Dublin’s new tram highlights the untapped bonanza of land values

A Luas tram crosses the Liffey. Image: C.G.P.Grey/Wikipedia.

Few, apart from the odd urban motorist, whose well of sympathy has surely run dry, would argue that Dublin’s new tram (Luas) line extension isn't both overdue and welcome.

The new crosscity Luas opens up the city in a way not seen in generations, since the previous tram line was closed in 1949. And it’s had an instant impact on the atmosphere of Dublin, and will ultimately add to the city’s confidence and identity as a European capital.

Besides the tangible benefits of ease of access to previously sequestered parts of the city – the multi-award winning Grangegorman campus springs to mind – the Luas has also had a less visible impact on the value of Dublin, in particular its land prices.

The numbers make this contribution clear: conservatively, the value of land along the new Luas line has increased by 15-20 per cent as a result of its construction. This increase in land values is typically capitalised in house prices.


To be clear, what has actually increased as a result of the Luas being built is the value of the land the house sits on, not the cost of the house itself, a detail that is often lost in the ether of the national fixation on house prices. The price of property along the line surged by 15-20 per cent during 2017 as result of Luas inspired land value uplift, while the value of the actual houses that sit on it has not increased (notwithstanding any improvements the owners have made). This is an important distinction: it disaggregates the value added by the collective (society) to the land, from the value added by the individual property owner to the building that sits on the land.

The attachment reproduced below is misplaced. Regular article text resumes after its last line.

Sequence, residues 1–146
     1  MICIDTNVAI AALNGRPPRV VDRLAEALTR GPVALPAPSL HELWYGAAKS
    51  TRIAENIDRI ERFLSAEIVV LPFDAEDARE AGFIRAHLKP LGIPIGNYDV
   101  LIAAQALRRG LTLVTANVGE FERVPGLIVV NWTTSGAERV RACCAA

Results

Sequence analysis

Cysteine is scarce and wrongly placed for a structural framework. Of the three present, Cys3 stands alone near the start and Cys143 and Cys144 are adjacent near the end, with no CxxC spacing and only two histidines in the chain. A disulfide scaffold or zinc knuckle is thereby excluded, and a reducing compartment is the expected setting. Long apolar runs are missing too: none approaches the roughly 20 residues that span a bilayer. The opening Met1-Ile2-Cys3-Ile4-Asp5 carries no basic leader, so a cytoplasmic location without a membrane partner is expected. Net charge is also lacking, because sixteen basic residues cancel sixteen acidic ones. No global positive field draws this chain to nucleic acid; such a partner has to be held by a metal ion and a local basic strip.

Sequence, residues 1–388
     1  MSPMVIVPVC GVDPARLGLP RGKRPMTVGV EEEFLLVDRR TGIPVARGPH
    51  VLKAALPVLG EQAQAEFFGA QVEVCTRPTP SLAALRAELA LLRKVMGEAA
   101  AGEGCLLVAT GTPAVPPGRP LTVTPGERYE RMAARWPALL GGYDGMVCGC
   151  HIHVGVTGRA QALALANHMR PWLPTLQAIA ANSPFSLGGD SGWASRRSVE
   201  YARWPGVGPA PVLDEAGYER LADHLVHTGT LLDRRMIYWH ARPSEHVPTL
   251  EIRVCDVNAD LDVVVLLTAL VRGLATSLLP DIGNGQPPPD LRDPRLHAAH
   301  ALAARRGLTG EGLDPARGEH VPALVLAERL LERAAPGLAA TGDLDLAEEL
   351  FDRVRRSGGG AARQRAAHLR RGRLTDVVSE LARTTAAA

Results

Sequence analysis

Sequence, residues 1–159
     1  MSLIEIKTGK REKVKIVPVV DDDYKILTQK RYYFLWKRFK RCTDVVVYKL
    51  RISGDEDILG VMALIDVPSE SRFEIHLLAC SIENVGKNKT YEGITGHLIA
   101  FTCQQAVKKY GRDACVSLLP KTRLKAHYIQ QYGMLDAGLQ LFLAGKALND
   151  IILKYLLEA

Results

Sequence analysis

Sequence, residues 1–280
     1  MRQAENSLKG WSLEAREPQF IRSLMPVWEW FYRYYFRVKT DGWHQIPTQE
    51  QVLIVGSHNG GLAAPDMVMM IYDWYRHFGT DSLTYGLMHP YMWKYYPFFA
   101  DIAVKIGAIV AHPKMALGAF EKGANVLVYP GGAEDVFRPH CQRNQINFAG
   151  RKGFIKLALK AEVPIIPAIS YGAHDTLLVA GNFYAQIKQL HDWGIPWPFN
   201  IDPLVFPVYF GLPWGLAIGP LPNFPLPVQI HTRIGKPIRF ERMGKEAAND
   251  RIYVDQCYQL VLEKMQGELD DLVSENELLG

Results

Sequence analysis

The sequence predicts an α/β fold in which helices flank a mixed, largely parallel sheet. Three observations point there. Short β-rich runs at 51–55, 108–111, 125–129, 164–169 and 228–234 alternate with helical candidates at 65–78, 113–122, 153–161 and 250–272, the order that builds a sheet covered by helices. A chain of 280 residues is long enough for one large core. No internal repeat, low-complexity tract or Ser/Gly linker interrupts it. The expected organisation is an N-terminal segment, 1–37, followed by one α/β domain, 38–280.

The important point is that this 15-20 per cent uplift in land value along the Luas line is an absolute cash bonanza resulting from collective public effort. And what we do with it says a lot about where we are as a society. 

As it stands, it is presented as a fait accompli that this uplift should all flow to property owners, in spite of the fact that it is created not by anything individual property owners have done. Instead, it’s created by the collective efforts of citizens: paying taxes to finance the building of the Luas, and partaking in the activities that make having access to a city valuable: working, eating, drinking, studying, playing and whatever you're into that contributes to the economy. As Churchill put it

Roads are made, streets are made, services are improved, electric light turns night into day, water is brought from reservoirs a hundred miles off in the mountains – and all the while the landlord sits still.

Every one of those improvements is effected by the labour and cost of other people and the taxpayers. To not one of those improvements does the land monopolist, as a land monopolist, contribute, and yet by every one of them the value of his land is enhanced. He renders no service to the community, he contributes nothing to the general welfare, he contributes nothing to the process from which his own enrichment is derived.